Balance sheet- financial statement show a firm’s accounting value on a particular date. * Assets are classified as current or fixed. Fixed assets have a relatively long life. Fixed assets can also be tangible (eg. Truck or computer) or intangible (e.g. trademark or patent) * Liabilities are classified as current if they have life of less than 1 year. Otherwise , they are considered to be long term. Often refers to bonds. * Stockholders equity = Assets – liabilities , reflects the fact if the firm were to sell all its assets, used the money to pay its debts, then whatever residual value remained would belong to shareholders.
Net working capital – current assets – current liabilities. It is usually positive in a healthy firm.
There 3 things to consider in a balance sheet: liquidity, debt versus equity, and market value versus book value. Debt can be used as a financial leverage in the sense it can greatly magnify both gains and losses.
Concepts Review and Critical Thinking Questions: 1,2,3,5
1. [Liquidity] What does liquidity measure? Explain the tradeoff a firm faces between high liquidity and low liquidity levels. Liquidity refers to the speed and ease with an asset can be converted to cash and it bas 2 dimensions: ease of conversion vs loss of value. e. It’s desirable for firms to have high liquidity so that they have a large factor of safety in meeting short-term creditor demands. However, since liquidity also has an opportunity cost associated with it—namely that higher returns can generally be found by investing the cash into productive assets—low liquidity levels are also desirable to the firm. It’s up to the firm’s financial management staff to find a reasonable compromise between these opposing needs.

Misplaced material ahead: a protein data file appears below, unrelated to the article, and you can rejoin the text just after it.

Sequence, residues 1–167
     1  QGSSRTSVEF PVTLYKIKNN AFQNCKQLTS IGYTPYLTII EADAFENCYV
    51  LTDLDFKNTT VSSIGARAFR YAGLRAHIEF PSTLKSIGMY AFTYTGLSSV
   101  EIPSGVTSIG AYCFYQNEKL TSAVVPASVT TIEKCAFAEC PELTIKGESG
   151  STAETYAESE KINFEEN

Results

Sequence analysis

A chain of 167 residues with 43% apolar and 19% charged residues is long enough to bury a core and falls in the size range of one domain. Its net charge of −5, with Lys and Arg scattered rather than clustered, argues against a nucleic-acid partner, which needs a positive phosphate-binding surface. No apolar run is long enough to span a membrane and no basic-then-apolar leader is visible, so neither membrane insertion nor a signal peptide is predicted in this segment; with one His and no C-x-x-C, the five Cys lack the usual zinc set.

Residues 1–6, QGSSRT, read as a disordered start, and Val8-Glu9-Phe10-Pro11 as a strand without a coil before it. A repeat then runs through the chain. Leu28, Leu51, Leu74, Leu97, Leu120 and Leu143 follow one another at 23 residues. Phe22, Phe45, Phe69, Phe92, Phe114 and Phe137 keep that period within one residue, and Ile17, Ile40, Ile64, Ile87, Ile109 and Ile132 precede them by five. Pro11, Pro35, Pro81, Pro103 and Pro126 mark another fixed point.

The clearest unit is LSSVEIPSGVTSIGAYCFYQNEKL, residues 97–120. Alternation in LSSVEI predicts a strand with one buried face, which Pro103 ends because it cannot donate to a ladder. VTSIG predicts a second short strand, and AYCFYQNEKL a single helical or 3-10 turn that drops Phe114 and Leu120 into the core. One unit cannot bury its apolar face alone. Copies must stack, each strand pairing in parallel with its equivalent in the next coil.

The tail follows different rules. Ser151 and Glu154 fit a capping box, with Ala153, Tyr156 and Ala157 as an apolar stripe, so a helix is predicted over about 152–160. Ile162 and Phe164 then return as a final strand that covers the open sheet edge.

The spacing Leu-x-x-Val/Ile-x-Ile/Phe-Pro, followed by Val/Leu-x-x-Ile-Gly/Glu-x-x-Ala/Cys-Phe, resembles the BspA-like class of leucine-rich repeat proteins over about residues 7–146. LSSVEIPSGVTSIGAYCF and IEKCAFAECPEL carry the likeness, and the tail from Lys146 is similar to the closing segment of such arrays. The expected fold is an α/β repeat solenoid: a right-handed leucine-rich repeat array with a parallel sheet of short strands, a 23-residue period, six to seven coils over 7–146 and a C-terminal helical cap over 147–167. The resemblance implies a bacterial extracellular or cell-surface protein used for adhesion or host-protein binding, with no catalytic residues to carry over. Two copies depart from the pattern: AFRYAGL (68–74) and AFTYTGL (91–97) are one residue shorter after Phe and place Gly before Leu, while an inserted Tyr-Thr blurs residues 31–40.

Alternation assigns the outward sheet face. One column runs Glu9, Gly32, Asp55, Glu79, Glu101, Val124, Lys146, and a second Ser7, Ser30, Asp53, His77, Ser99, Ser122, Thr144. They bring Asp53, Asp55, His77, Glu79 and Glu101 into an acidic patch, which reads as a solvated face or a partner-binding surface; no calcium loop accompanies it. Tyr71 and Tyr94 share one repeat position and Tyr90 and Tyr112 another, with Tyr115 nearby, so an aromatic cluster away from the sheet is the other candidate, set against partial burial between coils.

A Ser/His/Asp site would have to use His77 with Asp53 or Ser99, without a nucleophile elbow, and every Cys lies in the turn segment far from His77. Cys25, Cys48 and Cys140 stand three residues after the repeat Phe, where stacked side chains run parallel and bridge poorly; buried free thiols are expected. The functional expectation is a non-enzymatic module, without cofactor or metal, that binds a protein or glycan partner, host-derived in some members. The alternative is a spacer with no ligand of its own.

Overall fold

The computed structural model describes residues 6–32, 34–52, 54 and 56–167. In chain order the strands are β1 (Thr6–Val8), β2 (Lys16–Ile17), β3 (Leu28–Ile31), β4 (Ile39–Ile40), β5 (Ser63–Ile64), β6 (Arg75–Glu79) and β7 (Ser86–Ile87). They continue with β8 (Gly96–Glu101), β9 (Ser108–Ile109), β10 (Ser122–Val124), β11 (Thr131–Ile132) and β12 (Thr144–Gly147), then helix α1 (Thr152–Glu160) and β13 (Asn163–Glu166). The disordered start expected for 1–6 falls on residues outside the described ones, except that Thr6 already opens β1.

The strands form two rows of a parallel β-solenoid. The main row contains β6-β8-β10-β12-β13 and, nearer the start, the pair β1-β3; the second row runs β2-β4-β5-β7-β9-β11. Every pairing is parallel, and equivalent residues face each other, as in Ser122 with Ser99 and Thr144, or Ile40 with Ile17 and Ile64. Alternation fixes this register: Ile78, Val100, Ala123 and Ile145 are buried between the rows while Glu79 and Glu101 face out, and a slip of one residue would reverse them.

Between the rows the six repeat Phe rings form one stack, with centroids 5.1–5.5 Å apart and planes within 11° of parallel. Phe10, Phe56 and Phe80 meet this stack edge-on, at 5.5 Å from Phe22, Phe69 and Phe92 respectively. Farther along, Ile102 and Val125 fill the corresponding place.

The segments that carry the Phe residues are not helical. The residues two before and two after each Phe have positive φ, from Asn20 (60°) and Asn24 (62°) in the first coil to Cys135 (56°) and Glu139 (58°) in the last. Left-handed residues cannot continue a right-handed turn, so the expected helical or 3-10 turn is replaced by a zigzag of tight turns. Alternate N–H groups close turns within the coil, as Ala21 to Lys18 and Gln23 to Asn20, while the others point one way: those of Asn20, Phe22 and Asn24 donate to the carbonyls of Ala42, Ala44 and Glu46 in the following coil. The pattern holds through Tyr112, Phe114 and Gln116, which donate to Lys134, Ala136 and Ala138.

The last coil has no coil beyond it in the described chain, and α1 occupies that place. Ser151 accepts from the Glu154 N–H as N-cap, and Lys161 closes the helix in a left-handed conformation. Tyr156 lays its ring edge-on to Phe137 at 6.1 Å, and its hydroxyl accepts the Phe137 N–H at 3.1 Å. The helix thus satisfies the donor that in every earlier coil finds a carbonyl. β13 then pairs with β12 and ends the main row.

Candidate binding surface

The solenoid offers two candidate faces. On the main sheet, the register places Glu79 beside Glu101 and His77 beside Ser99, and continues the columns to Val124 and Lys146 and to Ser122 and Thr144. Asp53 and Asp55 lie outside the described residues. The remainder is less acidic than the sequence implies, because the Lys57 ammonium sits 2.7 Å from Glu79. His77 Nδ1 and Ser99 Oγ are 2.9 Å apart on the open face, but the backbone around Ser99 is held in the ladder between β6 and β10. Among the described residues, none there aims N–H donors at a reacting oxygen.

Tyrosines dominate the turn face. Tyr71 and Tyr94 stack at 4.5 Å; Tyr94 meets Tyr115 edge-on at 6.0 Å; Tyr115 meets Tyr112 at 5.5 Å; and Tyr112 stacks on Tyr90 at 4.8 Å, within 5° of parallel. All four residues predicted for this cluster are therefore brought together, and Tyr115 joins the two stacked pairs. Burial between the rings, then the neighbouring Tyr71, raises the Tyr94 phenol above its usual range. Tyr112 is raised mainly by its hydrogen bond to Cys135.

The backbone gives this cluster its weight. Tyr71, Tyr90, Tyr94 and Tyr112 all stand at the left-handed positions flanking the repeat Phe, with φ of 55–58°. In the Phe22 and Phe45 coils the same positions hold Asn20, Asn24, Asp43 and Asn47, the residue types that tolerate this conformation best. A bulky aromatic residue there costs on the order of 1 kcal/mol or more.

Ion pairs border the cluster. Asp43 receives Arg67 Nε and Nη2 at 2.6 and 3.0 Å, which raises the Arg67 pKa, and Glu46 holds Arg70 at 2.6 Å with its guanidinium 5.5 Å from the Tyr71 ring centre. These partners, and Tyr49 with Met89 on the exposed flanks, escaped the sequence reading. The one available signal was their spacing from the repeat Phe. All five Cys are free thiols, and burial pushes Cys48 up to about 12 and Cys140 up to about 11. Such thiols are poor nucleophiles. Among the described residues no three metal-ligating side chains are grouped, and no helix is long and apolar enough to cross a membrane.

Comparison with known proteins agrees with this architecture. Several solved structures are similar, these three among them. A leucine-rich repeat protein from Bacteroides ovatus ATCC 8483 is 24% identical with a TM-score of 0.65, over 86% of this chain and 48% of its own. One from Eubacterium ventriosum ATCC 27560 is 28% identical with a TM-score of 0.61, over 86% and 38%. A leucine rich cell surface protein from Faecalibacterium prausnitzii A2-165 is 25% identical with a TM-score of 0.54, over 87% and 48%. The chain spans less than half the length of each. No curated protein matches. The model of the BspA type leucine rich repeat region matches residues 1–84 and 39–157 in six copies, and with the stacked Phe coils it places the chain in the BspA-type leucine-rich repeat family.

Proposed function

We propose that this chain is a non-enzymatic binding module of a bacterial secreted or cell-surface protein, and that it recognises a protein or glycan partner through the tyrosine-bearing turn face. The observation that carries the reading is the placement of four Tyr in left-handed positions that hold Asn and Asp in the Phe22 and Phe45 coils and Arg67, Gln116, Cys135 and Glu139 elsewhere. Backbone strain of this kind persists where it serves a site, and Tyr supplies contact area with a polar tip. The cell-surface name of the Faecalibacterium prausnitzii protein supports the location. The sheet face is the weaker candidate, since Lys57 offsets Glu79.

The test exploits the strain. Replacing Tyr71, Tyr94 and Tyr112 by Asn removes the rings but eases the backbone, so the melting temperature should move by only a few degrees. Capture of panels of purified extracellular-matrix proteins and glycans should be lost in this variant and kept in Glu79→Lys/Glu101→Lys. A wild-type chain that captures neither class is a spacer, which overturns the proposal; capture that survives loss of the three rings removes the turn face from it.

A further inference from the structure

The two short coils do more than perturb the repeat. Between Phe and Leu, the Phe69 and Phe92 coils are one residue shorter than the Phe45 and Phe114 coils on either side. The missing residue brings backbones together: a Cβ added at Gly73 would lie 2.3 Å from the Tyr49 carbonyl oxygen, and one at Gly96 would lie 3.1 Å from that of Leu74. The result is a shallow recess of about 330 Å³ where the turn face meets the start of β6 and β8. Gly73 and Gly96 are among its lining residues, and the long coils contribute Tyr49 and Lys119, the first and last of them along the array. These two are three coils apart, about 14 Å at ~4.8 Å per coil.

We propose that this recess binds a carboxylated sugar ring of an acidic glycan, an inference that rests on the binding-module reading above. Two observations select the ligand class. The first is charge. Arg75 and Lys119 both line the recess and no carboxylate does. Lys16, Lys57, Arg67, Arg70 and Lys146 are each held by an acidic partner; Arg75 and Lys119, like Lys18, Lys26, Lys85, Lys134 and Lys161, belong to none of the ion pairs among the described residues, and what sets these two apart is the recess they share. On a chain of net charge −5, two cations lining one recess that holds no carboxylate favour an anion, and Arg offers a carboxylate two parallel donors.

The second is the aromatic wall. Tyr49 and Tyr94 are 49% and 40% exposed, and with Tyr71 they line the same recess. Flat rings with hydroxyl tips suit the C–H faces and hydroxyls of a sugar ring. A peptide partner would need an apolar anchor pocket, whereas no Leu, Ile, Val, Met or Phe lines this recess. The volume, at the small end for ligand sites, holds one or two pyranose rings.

2. [Accounting and Cash Flows] Why might the revenue and cost figures shown on a standard income statement not be representative of the actual cash inflows and outflows that occurred during a period? The income statement equation is revenue-expenses = income. In practice, for the income statement revenue is recognized at the time of sale, which need not be the same as the time of collection. Expenses are then recorded based on the matching principle, the basic idea is to match revenues with the costs associated with producing them. In other words, if we manufacture a product and then sell it on credit, the revenue is realized at the time of sale. The production and other costs associated with the sale of the product will likewise be recognized at that time. Once again actual cash flows may occur at some different time.
Also for noncash items, such as long terms assets , the concept of depreciation cost is an accounting way of applying the matching principle. The